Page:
Earlier in the week my counselor told me that Saddleback Church’s pastor Rick Warren returned after 16 weeks following his son’s suicide. He started a series called “How to Get Through What You Go Through.” My counselor handed me a sheet of notes she received when she attended his first service back. The sheet outlined the upcoming topics in the series, which I identified with immediately. I told my wife about it and we decided to visit a church for the first time since our church closed in May.

saddlebacksermonsWarren breaks down six different emotional steps of crisis. His and mine relate to the death of a child, however he said this also is for people who have lost their job, a relationship or have been diagnosed with a serious illness.

Saddleback Corona makes its home at Santiago High School. We made it to the 11 a.m. service, got the kids registered for their class and found the auditorium for the service. The satellite church (the main church is in Lake Forest) has its own worship band and pastor. Then we watch Warren’s sermon from the night before on video.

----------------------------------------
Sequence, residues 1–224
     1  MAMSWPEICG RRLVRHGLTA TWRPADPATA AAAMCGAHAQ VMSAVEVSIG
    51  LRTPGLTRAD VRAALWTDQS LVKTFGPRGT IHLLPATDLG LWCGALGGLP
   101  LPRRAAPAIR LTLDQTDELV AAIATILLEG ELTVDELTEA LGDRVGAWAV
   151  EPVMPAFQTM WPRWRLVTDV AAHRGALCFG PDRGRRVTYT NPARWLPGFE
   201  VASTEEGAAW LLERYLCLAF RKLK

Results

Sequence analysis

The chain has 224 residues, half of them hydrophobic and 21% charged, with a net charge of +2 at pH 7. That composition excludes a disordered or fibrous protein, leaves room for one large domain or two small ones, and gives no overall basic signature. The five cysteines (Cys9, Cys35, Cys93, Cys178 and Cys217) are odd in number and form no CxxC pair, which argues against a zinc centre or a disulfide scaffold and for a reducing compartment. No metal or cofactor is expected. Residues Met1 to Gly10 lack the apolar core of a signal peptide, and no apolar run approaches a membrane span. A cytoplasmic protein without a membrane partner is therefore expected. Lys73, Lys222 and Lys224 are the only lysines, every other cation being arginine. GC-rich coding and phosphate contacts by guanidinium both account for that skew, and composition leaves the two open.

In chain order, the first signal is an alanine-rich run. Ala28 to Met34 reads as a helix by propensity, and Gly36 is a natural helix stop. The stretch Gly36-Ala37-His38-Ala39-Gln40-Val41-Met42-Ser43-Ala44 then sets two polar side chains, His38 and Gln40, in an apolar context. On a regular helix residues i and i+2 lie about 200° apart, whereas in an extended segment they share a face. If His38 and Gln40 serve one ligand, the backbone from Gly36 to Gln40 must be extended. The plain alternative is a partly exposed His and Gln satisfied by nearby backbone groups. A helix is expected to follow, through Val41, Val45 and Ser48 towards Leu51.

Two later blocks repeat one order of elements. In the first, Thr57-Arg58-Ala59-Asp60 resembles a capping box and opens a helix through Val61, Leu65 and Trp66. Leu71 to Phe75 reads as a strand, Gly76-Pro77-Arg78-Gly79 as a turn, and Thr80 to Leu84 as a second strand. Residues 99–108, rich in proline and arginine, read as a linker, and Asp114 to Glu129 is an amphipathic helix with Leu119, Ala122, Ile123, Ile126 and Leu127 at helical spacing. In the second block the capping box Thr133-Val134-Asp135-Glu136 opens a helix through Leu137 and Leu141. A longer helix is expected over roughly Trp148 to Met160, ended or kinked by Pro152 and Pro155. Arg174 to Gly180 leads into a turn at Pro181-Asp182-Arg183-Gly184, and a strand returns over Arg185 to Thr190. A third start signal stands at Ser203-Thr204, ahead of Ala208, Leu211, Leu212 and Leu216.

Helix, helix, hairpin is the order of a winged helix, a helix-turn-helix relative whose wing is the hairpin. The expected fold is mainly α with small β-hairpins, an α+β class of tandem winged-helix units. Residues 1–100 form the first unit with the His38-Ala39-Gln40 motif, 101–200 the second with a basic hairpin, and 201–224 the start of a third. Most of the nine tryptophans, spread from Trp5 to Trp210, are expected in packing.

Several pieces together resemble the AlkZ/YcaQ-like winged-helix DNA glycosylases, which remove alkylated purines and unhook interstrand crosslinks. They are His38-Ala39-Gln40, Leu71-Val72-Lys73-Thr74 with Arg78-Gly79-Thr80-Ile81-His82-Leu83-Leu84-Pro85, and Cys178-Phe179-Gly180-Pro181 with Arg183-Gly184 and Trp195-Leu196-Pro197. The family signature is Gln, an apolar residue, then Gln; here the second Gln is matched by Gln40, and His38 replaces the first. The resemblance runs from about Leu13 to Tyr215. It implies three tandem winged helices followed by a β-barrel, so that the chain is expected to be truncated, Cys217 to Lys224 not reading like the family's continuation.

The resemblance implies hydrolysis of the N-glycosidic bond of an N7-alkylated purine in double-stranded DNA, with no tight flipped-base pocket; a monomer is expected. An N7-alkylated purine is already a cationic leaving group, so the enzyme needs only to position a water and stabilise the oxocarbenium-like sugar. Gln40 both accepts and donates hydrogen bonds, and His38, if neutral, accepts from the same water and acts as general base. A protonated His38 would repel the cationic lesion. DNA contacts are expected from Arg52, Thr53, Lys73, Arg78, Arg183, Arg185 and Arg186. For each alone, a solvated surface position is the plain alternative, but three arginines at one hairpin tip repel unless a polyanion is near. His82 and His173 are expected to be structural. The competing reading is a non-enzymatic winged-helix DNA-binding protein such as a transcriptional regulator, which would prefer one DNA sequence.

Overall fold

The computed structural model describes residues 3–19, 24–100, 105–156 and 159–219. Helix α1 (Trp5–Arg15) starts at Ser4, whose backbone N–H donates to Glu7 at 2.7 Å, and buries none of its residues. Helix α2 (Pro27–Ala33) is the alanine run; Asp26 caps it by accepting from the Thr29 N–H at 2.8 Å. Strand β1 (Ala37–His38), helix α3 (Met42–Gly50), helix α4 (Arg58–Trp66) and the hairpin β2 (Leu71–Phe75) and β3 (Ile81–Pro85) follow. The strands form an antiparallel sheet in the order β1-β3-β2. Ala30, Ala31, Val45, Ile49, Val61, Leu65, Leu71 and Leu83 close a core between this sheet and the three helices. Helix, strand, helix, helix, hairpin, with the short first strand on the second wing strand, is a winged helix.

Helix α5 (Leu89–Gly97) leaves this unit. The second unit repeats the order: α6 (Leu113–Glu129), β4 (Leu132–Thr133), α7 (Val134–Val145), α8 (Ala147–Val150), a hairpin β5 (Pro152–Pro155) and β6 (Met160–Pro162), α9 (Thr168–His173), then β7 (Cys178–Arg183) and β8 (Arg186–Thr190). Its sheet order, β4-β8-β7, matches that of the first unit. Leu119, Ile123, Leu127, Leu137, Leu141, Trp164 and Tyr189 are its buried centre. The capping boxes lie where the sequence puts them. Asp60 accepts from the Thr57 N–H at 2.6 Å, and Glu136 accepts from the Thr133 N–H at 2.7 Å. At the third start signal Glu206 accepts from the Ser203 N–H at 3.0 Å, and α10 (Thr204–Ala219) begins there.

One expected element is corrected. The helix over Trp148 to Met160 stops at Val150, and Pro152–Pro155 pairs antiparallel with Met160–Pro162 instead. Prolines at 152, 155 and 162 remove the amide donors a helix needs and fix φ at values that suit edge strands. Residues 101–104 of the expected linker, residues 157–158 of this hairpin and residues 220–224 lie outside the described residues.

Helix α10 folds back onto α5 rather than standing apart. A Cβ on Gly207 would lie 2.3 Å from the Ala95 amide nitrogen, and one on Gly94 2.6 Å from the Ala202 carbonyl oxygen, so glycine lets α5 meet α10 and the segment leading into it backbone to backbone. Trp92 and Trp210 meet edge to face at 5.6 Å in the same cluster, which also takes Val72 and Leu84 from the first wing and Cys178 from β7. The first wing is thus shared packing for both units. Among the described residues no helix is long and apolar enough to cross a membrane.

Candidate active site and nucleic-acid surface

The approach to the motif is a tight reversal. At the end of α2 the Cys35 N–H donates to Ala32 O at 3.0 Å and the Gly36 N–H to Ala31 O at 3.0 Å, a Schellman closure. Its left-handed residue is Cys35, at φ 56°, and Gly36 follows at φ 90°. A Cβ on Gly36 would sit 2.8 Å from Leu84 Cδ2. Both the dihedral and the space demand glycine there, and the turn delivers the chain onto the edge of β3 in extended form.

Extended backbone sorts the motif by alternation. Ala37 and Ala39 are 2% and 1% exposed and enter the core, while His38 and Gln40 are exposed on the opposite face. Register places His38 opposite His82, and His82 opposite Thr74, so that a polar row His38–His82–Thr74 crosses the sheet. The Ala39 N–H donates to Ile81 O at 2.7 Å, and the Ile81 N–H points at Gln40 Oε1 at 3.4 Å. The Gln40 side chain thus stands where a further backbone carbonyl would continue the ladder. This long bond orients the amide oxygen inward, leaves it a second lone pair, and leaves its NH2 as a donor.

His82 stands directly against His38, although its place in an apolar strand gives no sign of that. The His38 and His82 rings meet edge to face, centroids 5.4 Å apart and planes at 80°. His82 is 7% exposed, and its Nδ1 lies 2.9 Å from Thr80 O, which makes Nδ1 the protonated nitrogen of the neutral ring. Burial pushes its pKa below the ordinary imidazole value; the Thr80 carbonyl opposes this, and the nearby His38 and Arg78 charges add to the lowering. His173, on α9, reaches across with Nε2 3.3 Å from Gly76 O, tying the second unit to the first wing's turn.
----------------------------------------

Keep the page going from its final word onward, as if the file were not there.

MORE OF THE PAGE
In the middle of it Warren’s wife prayed. She asked those that are going through a crisis to stand. I kept my big butt in my seat, but my wife was ballsy enough to stand up. I sobbed during the whole prayer. Every single thing she said was spot on. Throughout the sermon I found myself hoping for less scripture and more of Warren’s own account of his feelings, emotions and experience. This is what I thirst for. What I yearn for. It’s what I identify with.

He talked about the day his son died. He stood in the driveway of his son’s home with his wife, and minutes after they arrived friends came to support them. They didn’t talk. They just placed hands on Warren’s shoulders. They were simply present. Words weren’t needed. But touch was. That night these same friends slept at Warren’s house. On his couches, his floor, anywhere. They didn’t want him and his wife to be alone.

I flashed back to the night Jax died. The hospital waiting room was packed with our family and friends. Most waited to come hug us after he died. To cry with us. Their tears were enough for us. Words weren’t needed. And if they were spoken, I don’t remember what was said. But I remember everyone’s presence.

Anyway, we decided to go back through the end of the series in early September. This is exactly what we need to hear right now.